5 Ways to Promote Independence While Staying Safe

We all want to stay independent and engaged as we age. But, the pandemic has brought significant challenges to seniors who want to live at home and be active in the community.

Adults age 60 and older are at a higher risk of experiencing health complications from the coronavirus. During these uncertain times, seniors and their loved ones need to take a creative approach to promoting independence.

Promote independence while staying safe

Seniors can stay connected through the duration of the pandemic. Here are five steps older adults can take to promote independence and engage with others.

1. Embrace technology

More and more, older adults are embracing cell phones, social media, and online resources to stay connected. This comes at a great time since social distancing is a key factor in staying safe.

Technology can be a great tool for engaging with friends and family, staying current on important information, and participating in activities at home.

If your aging loved one is uncomfortable with using technology, take some time to teach them the basics. Write down instructions so that they can refer to them later. Once they get the hang of their devices, they may discover that they enjoy using technology.

You can alter some of the normal activities you do to include technology. For example, you can use video chat, such as Skype or Zoom, to include older relatives in a family dinner. Or, encourage them to join you in bedtime stories or games via video. Increasing time spent with loved ones over the phone or video can encourage bonding even if you are not in the same physical space.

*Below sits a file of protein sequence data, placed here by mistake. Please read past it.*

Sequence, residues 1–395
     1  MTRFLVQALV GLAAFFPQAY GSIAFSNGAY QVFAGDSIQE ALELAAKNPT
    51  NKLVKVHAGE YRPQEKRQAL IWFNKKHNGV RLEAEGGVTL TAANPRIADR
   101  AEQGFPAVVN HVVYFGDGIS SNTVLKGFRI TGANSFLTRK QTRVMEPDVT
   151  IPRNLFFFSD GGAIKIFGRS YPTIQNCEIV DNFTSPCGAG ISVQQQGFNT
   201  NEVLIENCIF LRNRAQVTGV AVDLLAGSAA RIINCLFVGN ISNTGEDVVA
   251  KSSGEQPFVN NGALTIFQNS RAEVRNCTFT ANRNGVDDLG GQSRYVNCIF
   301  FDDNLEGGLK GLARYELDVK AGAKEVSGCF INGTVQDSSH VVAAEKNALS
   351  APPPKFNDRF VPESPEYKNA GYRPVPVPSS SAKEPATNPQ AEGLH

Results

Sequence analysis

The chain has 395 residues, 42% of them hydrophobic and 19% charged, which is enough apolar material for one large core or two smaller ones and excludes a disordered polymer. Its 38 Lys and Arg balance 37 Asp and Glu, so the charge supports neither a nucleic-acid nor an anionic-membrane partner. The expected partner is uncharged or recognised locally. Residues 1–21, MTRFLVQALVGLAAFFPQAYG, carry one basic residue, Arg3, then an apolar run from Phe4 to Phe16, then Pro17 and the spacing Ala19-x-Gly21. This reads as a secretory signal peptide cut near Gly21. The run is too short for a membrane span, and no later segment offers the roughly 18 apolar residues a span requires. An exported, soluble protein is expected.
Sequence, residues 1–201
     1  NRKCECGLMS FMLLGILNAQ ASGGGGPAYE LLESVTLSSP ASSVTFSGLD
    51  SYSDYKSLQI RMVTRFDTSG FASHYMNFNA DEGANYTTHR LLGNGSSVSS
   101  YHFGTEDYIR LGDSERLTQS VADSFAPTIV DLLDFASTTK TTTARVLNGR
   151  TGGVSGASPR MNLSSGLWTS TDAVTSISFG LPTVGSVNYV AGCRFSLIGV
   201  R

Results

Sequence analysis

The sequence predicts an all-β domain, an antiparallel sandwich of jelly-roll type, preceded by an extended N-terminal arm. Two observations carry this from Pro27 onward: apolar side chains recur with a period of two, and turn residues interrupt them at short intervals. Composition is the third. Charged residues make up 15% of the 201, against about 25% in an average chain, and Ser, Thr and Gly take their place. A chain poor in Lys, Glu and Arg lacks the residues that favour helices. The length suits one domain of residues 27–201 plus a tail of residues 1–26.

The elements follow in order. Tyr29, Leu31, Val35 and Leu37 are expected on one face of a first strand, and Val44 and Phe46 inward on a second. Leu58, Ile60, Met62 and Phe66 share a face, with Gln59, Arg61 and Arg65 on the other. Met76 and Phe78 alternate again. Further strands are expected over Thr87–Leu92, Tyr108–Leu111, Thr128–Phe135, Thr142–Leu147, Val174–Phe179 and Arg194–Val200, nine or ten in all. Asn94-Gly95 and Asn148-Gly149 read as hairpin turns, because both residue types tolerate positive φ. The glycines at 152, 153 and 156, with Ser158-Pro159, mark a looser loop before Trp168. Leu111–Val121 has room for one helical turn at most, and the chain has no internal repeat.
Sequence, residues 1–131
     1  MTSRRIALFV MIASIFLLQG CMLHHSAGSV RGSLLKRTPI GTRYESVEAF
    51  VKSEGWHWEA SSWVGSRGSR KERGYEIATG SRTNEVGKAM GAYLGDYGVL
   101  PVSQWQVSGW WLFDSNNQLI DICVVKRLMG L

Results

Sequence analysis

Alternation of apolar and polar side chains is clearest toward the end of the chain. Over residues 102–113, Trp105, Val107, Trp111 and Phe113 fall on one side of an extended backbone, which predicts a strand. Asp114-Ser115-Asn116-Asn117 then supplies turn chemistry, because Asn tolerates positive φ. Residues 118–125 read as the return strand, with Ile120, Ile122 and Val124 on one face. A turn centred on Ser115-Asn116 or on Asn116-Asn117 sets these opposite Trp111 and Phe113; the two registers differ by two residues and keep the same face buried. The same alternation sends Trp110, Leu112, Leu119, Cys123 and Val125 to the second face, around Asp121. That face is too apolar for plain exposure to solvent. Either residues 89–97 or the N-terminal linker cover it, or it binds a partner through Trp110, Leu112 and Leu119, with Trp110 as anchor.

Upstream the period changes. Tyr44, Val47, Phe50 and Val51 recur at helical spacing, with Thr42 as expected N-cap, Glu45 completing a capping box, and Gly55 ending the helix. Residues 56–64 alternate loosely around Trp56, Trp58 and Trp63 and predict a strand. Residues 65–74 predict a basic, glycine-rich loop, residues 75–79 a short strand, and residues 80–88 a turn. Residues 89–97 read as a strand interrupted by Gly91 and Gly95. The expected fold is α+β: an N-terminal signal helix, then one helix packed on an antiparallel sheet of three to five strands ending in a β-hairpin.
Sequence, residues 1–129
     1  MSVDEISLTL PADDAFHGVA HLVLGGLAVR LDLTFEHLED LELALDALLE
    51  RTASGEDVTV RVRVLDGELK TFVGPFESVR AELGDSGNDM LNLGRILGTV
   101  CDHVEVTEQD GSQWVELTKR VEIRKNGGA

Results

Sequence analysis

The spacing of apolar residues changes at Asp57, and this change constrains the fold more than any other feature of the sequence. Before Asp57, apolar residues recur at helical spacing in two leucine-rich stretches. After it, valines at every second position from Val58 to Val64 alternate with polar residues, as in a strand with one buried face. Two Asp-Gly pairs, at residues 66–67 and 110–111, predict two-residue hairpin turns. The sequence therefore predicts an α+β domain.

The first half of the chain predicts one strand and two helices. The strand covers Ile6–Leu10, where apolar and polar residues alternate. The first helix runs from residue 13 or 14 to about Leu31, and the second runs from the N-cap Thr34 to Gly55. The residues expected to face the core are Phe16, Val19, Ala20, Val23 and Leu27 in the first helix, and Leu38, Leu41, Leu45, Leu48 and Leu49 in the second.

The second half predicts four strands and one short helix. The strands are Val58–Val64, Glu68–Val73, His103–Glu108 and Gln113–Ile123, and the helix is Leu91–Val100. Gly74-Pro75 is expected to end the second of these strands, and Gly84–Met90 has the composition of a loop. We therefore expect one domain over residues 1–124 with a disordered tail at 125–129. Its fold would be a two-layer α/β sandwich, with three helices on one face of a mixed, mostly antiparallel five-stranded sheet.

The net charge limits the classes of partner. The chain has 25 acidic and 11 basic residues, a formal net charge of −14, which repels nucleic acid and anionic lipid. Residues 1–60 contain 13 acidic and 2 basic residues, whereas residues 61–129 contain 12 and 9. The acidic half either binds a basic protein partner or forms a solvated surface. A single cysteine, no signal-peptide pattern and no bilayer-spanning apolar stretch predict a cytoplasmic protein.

2. Keep connecting

During this time, it is so important for seniors to stay connected with loved ones and the community. Feeling socially isolated or lonely can have negative effects on a person’s mental and physical health. Whether it’s a video chat, phone call, written note, or text message, those communications are critical.

For some older adults, a large number of friends and family to call on are not available. A phone buddy program is a great way for those with a small circle to engage with others.

For example, VANTAGE Aging’s Retired and Senior Volunteer Program implemented a telephone buddy system for seniors in seven Ohio counties. Volunteers call in on older adults for a friendly phone conversation or check-in. The initiative, called Telecare, provides a way for seniors to connect with others and stay engaged in the community.

3. Plan for getting essentials

The more we go out into public places, the more we put ourselves at risk of being exposed to the virus. If you haven’t already, reach out to your support network to set up a schedule for getting the things you need.

You might want to ask a family member or neighbor to pick up your essential items, such as groceries, toiletries, and prescriptions.

Many stores and third party companies offer delivery services for these items. Consider getting groceries and prescriptions delivered to your door. Or, use a curbside pick service from participating stores so that you do not have to enter the building.